The movie also gets points for introducing the world to Christopher Guest, who co-wrote the film. He would go onto direct Waiting for Guffman, Best in Show, and A Mighty Wind using the format Spinal Tap popularized.

18) Top Five (Hulu)

Who knew Chris Rock would prove to be such a great director? Top Five was the standup comic’s third stint behind the camera, after Head of State and I Think I Love My Wife. The latter, a sometimes successful adaptation of Eric Rohmer’s Love in the Afternoon, showed that Rock had unexpected art house sensibilities.

But instead of the French New Wave, Rock found his muse in Richard Linklater. Top Five is a masterful riff on Linklater’s Before series, in which a couple discusses life and love while wandering through the cityscapes of Vienna or Paris. Top Five trades Europe for the streets of New York. It’s both one of cinema’s best modern romantic comedies and a pretty good thinkpiece on being a black entertainer in Hollywood. Rock (who plays a version of himself) struggles with balancing an unexpected connection (a New York Times reported played by Rosario Dawson) with the pressures of celebrity.

19) Walking and Talking (Netflix)

Nicole Holofcener is one of the great, underrated directors working today. From Lovely and Amazing to Enough Said, featuring James Gandolfini’s last film performance, Holofcener makes movies I feel deeply at home in. Critics refer to them as “white people problems” movies, but they’re at once incisive satires of upper-middle-class lives and deeply affectionate portraits of their own targets. They’re both brittle and warm, scathing and incredibly human.

Cited by Entertainment Weekly as one of the greatest cult movies ever made, Walking and Talking is the movie that made Catherine Keener a star. It’s about, more or less, what all of Holofcener’s movies are about: how change tests the bonds between people. In Walking and Talking, Keener plays Amelia, whose best friend (Anne Heche) decides to get married. Imagine a very low-key, indie version of Bridesmaids—with a much better soundtrack (courtesy of Billy Bragg and Guyville-era Liz Phair).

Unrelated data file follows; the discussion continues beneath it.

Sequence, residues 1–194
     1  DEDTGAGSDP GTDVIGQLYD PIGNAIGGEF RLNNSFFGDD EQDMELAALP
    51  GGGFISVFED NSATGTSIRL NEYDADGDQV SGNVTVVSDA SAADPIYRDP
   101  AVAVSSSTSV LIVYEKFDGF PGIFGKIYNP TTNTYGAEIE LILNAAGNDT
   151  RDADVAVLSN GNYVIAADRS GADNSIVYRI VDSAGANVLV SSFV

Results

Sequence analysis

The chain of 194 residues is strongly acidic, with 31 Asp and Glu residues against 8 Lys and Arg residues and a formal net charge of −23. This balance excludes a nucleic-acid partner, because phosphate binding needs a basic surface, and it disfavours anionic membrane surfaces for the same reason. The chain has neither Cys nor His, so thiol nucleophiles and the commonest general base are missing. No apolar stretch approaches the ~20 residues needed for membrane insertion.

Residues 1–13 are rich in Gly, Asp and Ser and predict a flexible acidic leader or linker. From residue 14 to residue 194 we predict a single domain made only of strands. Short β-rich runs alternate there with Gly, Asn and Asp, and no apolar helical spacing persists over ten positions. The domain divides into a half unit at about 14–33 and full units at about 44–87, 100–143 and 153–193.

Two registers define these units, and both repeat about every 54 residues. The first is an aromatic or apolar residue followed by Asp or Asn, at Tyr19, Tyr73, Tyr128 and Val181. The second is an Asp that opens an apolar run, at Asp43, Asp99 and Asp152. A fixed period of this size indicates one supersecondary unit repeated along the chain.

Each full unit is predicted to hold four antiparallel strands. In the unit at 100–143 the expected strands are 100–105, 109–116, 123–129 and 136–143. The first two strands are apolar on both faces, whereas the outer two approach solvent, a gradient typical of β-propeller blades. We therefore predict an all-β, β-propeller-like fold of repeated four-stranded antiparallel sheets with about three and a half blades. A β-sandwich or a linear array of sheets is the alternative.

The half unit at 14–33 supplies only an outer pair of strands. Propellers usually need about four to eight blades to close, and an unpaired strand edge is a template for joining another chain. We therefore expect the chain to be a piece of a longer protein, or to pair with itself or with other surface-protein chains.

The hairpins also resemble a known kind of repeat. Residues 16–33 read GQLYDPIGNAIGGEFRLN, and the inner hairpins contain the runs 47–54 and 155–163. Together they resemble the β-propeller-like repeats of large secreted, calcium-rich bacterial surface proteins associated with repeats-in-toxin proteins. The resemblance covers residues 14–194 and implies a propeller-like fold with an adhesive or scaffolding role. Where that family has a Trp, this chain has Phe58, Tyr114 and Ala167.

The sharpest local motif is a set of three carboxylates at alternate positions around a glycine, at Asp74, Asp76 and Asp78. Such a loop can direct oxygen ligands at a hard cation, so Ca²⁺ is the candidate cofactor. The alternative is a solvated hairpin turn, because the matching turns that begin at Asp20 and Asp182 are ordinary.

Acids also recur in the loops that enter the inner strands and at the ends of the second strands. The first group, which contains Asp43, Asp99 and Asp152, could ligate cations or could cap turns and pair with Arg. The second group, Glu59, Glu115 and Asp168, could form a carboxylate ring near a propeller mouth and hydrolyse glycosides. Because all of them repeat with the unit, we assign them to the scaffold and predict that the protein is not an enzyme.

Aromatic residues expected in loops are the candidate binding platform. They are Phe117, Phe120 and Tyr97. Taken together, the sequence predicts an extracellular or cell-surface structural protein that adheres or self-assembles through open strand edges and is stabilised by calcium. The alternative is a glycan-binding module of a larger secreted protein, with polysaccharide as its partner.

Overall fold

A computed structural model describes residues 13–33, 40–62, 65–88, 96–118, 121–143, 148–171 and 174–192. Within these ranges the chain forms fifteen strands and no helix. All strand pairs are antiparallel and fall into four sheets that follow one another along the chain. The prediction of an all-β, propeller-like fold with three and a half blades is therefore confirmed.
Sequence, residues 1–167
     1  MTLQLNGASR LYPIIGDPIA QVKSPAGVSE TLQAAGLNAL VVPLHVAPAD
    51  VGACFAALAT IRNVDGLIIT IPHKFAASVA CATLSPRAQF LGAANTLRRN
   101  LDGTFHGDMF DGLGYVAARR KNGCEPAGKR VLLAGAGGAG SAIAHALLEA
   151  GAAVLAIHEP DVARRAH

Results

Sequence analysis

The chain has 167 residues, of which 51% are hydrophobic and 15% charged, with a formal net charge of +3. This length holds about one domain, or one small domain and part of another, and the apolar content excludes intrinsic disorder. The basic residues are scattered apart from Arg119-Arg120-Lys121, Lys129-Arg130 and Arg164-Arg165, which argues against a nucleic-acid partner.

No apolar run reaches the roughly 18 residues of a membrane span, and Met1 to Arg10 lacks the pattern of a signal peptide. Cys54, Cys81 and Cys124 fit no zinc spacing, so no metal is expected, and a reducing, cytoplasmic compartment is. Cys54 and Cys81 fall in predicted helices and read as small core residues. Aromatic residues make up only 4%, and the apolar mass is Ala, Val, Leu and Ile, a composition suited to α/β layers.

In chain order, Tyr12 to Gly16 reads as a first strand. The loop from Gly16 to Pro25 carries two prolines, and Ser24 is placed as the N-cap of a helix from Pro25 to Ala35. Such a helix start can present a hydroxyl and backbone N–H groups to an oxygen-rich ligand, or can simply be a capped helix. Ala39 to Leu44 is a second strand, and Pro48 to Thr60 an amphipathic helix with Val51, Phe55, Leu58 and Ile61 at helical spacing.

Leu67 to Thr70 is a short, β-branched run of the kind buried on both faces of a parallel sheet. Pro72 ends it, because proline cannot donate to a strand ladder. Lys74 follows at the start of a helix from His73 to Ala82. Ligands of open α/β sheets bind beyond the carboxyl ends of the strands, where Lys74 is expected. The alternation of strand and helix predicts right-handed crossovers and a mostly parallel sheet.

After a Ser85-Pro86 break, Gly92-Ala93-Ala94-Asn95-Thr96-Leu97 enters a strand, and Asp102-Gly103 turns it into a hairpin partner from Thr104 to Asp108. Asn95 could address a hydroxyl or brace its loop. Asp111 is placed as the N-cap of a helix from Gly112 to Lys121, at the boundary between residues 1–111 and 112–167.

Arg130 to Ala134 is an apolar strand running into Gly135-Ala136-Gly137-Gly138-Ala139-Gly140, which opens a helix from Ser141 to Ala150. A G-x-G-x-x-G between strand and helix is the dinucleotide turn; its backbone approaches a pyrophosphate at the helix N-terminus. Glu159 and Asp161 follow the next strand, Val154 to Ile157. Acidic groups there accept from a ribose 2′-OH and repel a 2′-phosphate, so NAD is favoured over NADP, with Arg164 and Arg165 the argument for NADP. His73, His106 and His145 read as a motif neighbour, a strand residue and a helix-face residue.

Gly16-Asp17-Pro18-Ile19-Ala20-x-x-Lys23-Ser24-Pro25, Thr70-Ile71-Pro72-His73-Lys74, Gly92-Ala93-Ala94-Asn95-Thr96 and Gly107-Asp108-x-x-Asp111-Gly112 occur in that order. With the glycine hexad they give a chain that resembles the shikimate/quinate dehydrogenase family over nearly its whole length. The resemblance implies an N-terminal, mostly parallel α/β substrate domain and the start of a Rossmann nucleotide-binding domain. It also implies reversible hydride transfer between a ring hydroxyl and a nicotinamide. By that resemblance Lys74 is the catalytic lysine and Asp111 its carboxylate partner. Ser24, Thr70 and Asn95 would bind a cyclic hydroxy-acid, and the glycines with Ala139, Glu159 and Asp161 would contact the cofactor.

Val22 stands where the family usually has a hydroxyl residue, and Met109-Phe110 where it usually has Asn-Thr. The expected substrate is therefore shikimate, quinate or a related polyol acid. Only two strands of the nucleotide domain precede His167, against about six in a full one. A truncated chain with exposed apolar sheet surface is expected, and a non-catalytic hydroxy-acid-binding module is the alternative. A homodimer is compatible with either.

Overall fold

20) Wet Hot American Summer (Netflix)

David Wain’s meta-comedy was critically reviled when it came out. The Washington Post’s Stephen Hunter wrote that watching Wet Hot American Summer was “so depressing I almost started to cry,” while Salon’s Charles Taylor called it a “thoroughly inept piece of moviemaking.”

That’s because some movies take time and a certain amount of patience to find their audience, and Wet Hot American Summer is the definition of a grower, a movie that only becomes funnier the more you think about it. Previously known for creating the TV cult comedy The State, Wain’s debut is a surreal send-up of ’80s camp comedies—tinged with a Hal Hartman deconstructionist sensibility. In a personal favorite scene, a group of campers wander into town, and through an escalating series of events, get addicted to heroin within a span of minutes.

If you’re a fan of the non-sequitur humor of Anchorman and Zoolander, do yourself a favor and check this out.

Screengrab via Top Five Movie/YouTube